China's Wen in Iceland, eyes on Arctic riches
By Mia Shanley
REYKJAVIK (Reuters) - China signed accords on energy cooperation and the Arctic in Iceland on Friday as Premier Wen Jiabao started a tour of northern Europe that will focus on Chinese investment in a continent eager for funds and to trade with the rising world power.
Centrepiece of the trip will be a visit to Germany, where Wen and Chancellor Angela Merkel will on Sunday and Monday burnish industrial ties that have done much for both economies.
That the prime minister of the world's most populous nation should stop first, however, on a remote island of just 320,000 has raised hopes for an injection of Chinese cash into an economy ravaged by the bursting of a financial bubble in 2008 - but also suspicion of Beijing's hunger for natural resources.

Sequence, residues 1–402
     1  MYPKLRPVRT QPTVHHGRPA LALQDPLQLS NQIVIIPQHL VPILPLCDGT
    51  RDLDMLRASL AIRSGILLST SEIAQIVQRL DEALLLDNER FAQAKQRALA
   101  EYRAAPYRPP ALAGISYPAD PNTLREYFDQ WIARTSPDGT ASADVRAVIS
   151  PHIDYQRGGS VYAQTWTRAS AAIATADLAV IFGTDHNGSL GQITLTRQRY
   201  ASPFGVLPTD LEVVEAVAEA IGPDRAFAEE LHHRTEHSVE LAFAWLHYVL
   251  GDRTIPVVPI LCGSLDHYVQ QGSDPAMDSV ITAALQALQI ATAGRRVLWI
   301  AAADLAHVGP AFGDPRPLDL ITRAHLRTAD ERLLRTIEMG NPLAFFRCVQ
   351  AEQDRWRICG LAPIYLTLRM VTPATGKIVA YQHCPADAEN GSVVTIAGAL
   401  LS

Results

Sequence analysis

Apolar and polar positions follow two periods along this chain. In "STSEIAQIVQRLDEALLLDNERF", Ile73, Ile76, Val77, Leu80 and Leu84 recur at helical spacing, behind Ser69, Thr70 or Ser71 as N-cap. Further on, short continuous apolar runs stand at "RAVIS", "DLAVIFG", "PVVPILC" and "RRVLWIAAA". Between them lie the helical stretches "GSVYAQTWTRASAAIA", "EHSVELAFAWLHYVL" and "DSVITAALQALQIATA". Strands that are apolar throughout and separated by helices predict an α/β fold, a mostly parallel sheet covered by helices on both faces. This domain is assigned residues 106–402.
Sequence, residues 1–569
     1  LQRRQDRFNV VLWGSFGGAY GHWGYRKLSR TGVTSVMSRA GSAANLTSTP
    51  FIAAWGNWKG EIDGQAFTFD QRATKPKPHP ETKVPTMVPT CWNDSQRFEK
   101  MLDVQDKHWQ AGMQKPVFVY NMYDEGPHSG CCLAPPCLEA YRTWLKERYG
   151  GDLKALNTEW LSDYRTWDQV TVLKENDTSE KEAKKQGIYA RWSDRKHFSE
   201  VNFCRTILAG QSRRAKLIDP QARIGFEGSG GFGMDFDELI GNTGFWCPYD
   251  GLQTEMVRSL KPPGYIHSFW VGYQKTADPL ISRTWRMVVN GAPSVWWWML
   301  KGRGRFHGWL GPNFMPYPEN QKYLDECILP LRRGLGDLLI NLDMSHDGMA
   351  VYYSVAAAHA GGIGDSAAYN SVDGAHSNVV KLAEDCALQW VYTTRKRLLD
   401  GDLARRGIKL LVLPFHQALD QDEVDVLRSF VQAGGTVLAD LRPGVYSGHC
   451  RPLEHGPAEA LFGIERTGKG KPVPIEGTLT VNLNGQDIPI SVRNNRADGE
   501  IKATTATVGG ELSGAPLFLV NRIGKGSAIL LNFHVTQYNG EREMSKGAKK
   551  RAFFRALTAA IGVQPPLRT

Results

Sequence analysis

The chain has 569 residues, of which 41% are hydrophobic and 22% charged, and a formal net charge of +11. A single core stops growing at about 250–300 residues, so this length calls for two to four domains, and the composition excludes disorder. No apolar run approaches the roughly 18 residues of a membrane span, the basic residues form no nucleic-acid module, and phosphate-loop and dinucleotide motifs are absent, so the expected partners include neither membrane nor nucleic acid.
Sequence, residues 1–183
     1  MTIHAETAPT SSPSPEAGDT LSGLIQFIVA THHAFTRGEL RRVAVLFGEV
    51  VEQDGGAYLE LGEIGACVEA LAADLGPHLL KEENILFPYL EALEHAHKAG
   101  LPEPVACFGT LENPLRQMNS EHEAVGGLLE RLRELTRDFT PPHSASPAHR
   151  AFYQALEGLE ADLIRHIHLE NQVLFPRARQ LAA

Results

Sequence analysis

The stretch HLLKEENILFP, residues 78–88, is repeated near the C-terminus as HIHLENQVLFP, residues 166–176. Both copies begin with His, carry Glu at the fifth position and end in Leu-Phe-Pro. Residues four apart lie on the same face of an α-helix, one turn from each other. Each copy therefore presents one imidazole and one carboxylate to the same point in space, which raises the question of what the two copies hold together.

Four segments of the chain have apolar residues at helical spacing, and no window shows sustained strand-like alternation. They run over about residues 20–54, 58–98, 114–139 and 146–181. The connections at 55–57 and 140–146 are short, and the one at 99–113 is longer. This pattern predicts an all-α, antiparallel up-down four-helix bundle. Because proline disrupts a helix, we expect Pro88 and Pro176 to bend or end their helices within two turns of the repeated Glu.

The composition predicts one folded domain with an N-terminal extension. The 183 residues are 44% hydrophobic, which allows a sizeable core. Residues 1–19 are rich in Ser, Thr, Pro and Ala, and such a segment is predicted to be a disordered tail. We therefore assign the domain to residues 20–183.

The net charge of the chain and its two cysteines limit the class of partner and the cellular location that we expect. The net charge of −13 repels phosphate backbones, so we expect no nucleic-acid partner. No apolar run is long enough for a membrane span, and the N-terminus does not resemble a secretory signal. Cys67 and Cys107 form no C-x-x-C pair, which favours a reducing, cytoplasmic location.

A Chinese developer is fighting a government decision last year to bar him from buying a vast tract of land which some had suggested might be a cover for a possible future naval base and part of a wider strategy to gain a foothold in the region.
Over two days, Wen, who trained as a geologist, will see volcanic geysers and electricity plants where Iceland captures geothermal energy.
Friday's meetings between Wen and Icelandic Prime Minister Johanna Sigurdardottir resulted in agreements to cooperate in the Arctic region, in marine and polar science and in geothermal energy.
Orka Energy Ltd - an Icelandic firm focused on producing geothermal energy - and China's Sinopec Group also signed a deal to develop geothermal energy in China for heating houses and the production of electricity, though no figures were provided.
As well as Germany, where he will open the annual Hanover trade fair with Merkel on Sunday and visit carmaker Volkswagen on Monday, Wen will also go to Poland and to Sweden, where the Chinese-owned Volvo car plant is on the schedule for Tuesday. Continued...